Marco Werman: I'd like to begin with what's known as the Leahy Laws, named after Vermont Sen. Patrick Leahy. The law basically says the US government will not provide assistance to foreign security forces where there is a credible implication of gross violations of human rights. Does the killing of Shireen Abu Akleh activate the Leahy Laws? Sen. Chris Van Hollen: Well, that depends on all the facts. And we've been trying to get the facts so that we can have accountability in this case. The most recent analysis that you are reporting on is consistent with analysis done by The New York Times, CNN, The Washington Post. And it's why we keep pushing the Biden administration to conduct an independent analysis of their own, reach their own conclusions, about what happened so that we can consider the next steps for accountability. But getting the facts is a prerequisite to applying any of those laws. What has been the response from the White House to your request?Well, so far, the White House and the State Department have not been responsive. As Sen. Leahy, myself and others wrote to Secretary [of State Antony] Blinken on July 12, with a series of questions trying to get the facts in this case. We have yet to get a response. And it's my view that the Biden administration has a duty to get to the bottom of the killing of an American citizen and a journalist — where the Biden administration says a high priority is to protect journalists in conflict zones — that we have to pursue the facts wherever they lead us. That's what Secretary Blinken himself said some time ago, and we're going to continue to hold the administration to that.You and Sen. Leahy have authored an amendment that would force the State Department to issue a report on Shireen Abu Akleh's killing. If the killing were found to be intentional, what would that mean for lawmakers?Well, again, I just don't want to jump to the conclusions of a report. This is why we keep pushing for the facts. And we are totally not satisfied at all with what the Biden administration has provided. As you probably know, the Israel Defense Forces (IDF) issued a report claiming that the shooting was justified because there was an ongoing exchange of fire at that time between IDF forces and Palestinian militants. But this most recent evidence, along with the earlier evidence from independent news sources — again, like The New York Times, Washington Post and others — indicates that there was no such exchange of fire. And this is the key issue we have to resolve. And the Biden administration has a duty to work with us to get the facts.So, given all the sources you have, what other facts are lawmakers looking for?Well, what we're looking for is for the Biden administration to conduct this independent analysis, because they ultimately are the ones that have to make the determination under US law. So, this is why getting the facts is so important, and we're going to continue to push to do that. I also included an amendment in the State Department authorization bill that was passed by the Senate Foreign Relations Committee the other day to require the administration to provide us with a copy of a report done by the United States security coordinator on the ground there. They have not provided that to us yet, despite the fact we asked for it back in July.If a State Department report showed her killing as intentional, would you press to cut funding to Israel?Well, again, I don't want to get ahead of the facts. Clearly, if that were the case, that would trigger the Leahy Laws. Sen. Leahy himself made that statement on the floor of the Senate. But that, obviously, is contingent on the finding of the facts. And this is why it's important that the administration not sweep this under the rug, and we're going to hold their feet to the fire so that they can't do that.Senator, with some exceptions, there has long been an overarching belief in Congress that the US bond with Israel is unbreakable. Are we at a moment where that's being questioned?I think it is unbreakable. I think we have a very strong partnership with Israel, which is why it is especially disappointing in this case that we can't get more facts and cooperation. Secretary Blinken asked the IDF to review their rules of engagement after this case. In other words, review when fire is appropriate and when it's not. He pressed that for a little while, but then he dropped that request when he got some pushback. So, we have a close partnership. So, this is a moment where we want the Israeli government to help us get to the bottom of the shooting death of an American citizen and a journalist. And we need the Biden administration to be very focused on getting the facts. Secretary Blinken, himself, originally called for an independent investigation. Those were his words. We said, "Yes, we agree." He's backed off. We haven't. We need the Biden administration to do its duty in this case of a killing of an American citizen and journalist.World leaders and human rights groups have pointed to what they see as a pattern of human rights violations over the years that Israel is responsible for. Why is the death of this Palestinian American journalist different for Senate Democrats?Well, all violations of human rights, wherever they happen in the world, are important. What we have here is a situation where you do have an American citizen — a Palestinian American. You also have a journalist. And the Biden administration has repeatedly said that protecting journalists in conflict areas is one of their top priorities. So, if that's true, if protecting journalists is a top priority and protecting American citizens is a top priority, this is a clear case where the Biden administration has to show that it means what it says.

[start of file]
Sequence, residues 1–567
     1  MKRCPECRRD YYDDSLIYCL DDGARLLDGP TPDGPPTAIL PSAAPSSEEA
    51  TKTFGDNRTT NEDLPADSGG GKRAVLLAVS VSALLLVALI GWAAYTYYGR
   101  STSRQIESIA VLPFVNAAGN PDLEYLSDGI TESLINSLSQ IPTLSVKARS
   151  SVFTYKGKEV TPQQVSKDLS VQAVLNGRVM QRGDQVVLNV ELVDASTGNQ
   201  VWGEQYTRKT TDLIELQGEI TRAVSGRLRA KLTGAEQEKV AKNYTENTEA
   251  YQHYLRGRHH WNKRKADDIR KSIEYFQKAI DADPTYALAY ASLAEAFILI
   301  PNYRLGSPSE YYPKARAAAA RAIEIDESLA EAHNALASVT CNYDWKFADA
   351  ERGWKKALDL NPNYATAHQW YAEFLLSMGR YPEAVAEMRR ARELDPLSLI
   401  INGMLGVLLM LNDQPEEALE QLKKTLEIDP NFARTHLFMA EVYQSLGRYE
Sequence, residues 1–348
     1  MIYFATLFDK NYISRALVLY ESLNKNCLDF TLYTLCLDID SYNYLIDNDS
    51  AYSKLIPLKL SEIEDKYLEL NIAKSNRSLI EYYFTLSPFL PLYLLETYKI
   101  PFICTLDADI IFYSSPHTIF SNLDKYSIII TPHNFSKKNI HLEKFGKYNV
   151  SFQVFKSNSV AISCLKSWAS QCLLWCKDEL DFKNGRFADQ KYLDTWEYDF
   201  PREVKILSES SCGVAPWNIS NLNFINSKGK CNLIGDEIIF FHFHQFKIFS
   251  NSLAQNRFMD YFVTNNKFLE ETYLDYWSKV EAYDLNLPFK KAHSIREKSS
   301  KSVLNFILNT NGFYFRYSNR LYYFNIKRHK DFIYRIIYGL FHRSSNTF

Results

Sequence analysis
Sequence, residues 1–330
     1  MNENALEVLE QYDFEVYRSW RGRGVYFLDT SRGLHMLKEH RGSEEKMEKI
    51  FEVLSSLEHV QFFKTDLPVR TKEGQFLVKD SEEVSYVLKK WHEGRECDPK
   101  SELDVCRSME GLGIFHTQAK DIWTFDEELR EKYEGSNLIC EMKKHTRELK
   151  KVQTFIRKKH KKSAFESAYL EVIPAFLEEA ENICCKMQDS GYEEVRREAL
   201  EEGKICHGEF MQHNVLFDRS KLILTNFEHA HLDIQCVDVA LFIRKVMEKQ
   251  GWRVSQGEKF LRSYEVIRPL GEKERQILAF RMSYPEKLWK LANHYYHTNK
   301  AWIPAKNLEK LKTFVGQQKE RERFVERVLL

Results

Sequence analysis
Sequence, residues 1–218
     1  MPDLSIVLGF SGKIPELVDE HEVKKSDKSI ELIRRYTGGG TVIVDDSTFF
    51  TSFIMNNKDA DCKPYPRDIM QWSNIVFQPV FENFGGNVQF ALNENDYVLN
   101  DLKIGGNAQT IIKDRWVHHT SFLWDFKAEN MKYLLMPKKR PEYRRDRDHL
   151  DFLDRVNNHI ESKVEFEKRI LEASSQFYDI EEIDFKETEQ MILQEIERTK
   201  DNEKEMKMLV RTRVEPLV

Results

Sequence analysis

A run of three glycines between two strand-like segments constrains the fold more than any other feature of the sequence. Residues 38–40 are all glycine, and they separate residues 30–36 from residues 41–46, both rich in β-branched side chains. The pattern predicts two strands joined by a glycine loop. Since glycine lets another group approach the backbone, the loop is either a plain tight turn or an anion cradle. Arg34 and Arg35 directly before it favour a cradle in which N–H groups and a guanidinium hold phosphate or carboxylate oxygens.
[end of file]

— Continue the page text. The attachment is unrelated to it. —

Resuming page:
This interview has been lightly edited and condensed for clarity. AP contributed to this report.